The invention also relates to a pneumatic weft inserting device adapted to be used in a weaving machine, said device being characterized by at least two blowing nozzles arranged in series and located at one end of the weaving shed.BRIEF DESCRIPTION OF THE DRAWINGS
The drawing shows a diagrammatic side elevational view of a weft inserting device embodying the invention, comprising two blowing nozzles of the injector type.DESCRIPTION OF THE PREFERRED EMBODIMENT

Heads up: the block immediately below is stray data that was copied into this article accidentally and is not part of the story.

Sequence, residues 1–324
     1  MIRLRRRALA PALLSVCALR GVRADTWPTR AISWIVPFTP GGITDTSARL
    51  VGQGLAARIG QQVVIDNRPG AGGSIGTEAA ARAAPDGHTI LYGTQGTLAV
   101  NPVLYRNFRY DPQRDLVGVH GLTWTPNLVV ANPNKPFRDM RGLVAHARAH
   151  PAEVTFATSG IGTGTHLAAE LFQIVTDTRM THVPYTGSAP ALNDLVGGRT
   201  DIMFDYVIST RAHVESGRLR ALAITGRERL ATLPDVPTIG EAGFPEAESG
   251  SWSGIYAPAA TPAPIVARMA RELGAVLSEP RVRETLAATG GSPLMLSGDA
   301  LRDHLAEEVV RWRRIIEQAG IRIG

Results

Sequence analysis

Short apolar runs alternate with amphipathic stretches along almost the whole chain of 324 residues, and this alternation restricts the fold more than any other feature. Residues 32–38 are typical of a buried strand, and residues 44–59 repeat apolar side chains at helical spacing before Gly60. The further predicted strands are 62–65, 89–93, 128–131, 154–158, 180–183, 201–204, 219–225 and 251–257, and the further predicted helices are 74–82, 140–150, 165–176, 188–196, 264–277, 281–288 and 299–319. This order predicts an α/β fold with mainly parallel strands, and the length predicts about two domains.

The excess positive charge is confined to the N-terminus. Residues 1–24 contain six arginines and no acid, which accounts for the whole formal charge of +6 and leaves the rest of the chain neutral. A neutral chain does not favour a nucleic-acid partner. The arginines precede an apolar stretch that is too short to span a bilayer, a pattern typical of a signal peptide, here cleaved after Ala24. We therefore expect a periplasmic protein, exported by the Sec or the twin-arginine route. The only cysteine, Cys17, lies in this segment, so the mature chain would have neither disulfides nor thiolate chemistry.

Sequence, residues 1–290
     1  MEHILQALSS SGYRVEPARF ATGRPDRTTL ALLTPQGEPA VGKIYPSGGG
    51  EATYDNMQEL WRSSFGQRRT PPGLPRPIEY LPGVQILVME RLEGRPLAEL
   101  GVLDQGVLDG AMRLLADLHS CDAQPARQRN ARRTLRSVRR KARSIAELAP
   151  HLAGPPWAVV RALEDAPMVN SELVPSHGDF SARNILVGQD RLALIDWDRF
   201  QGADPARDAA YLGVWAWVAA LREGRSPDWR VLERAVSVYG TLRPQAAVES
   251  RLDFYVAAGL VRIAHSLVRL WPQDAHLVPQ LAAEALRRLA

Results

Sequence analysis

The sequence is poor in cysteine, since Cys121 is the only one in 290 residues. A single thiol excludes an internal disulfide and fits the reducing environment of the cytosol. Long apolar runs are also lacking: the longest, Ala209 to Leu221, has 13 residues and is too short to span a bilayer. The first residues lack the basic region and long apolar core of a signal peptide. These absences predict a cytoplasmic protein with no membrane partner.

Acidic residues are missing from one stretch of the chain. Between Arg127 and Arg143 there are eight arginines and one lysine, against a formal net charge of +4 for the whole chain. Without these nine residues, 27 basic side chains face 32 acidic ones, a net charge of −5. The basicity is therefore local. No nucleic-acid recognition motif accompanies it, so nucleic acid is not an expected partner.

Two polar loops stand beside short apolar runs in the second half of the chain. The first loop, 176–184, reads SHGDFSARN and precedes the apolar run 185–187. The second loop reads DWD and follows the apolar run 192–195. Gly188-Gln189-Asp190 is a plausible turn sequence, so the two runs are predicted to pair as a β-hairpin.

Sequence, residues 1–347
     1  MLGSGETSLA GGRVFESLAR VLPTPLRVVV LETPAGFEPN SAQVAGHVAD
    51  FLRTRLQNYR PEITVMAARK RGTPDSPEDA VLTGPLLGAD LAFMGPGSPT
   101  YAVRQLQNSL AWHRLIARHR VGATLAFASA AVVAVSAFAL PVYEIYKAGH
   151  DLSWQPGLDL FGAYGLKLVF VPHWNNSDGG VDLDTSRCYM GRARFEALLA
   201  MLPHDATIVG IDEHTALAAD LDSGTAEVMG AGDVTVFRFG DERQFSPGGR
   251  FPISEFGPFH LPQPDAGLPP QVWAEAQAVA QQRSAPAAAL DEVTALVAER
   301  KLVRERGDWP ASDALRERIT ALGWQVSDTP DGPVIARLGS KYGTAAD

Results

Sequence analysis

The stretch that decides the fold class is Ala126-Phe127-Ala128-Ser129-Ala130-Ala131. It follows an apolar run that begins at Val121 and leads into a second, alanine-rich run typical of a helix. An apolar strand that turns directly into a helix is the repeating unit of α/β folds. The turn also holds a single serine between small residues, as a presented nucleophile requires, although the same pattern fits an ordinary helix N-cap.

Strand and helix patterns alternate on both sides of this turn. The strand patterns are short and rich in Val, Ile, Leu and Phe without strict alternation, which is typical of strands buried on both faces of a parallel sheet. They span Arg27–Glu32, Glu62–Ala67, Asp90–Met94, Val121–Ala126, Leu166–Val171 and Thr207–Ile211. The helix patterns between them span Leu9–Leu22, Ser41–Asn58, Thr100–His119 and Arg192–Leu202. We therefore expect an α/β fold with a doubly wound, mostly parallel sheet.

The blowing nozzles 1 and 2, which are arranged in series, are each of a well-known type and comprise housings 1a and 2a, respectively, to which the transporting air is laterally supplied, mixing tubes 1b and 2b, respectively, connected to said housings. The mixing tubes 1b and 2b are effective in concentrating the transporting air supplied to the associated blowing nozzle into an air stream which envelopes the weft yarn and provides for the transfer of energy from the transporting air onto the weft yarn. Between the outlet end 1c of the mixing tube 1b and the yarn inlet end 2d of the blowing nozzle 2 there is an intermediary space, the axial length of which is about 1 to 2 times the lineary cross sectional dimension of the mixing tube 1b. The transporting air consumed by the blowing nozzle 1 laterally escapes through said space at the end of the associated mixing tube instead of being passed together with the weft yarn through the second blowing nozzle 2. Due to this, the efficiency of the weft inserting device is considerably improved. In the example shown, the main blowing nozzle 1 is mounted on the frame 4 of the weaving machine, while the auxiliary blowing nozzle 2 is carried by a lay 5. In this example, the ratio between the lengths L1 and L2 of the nozzles 1 and 2 is 1:3.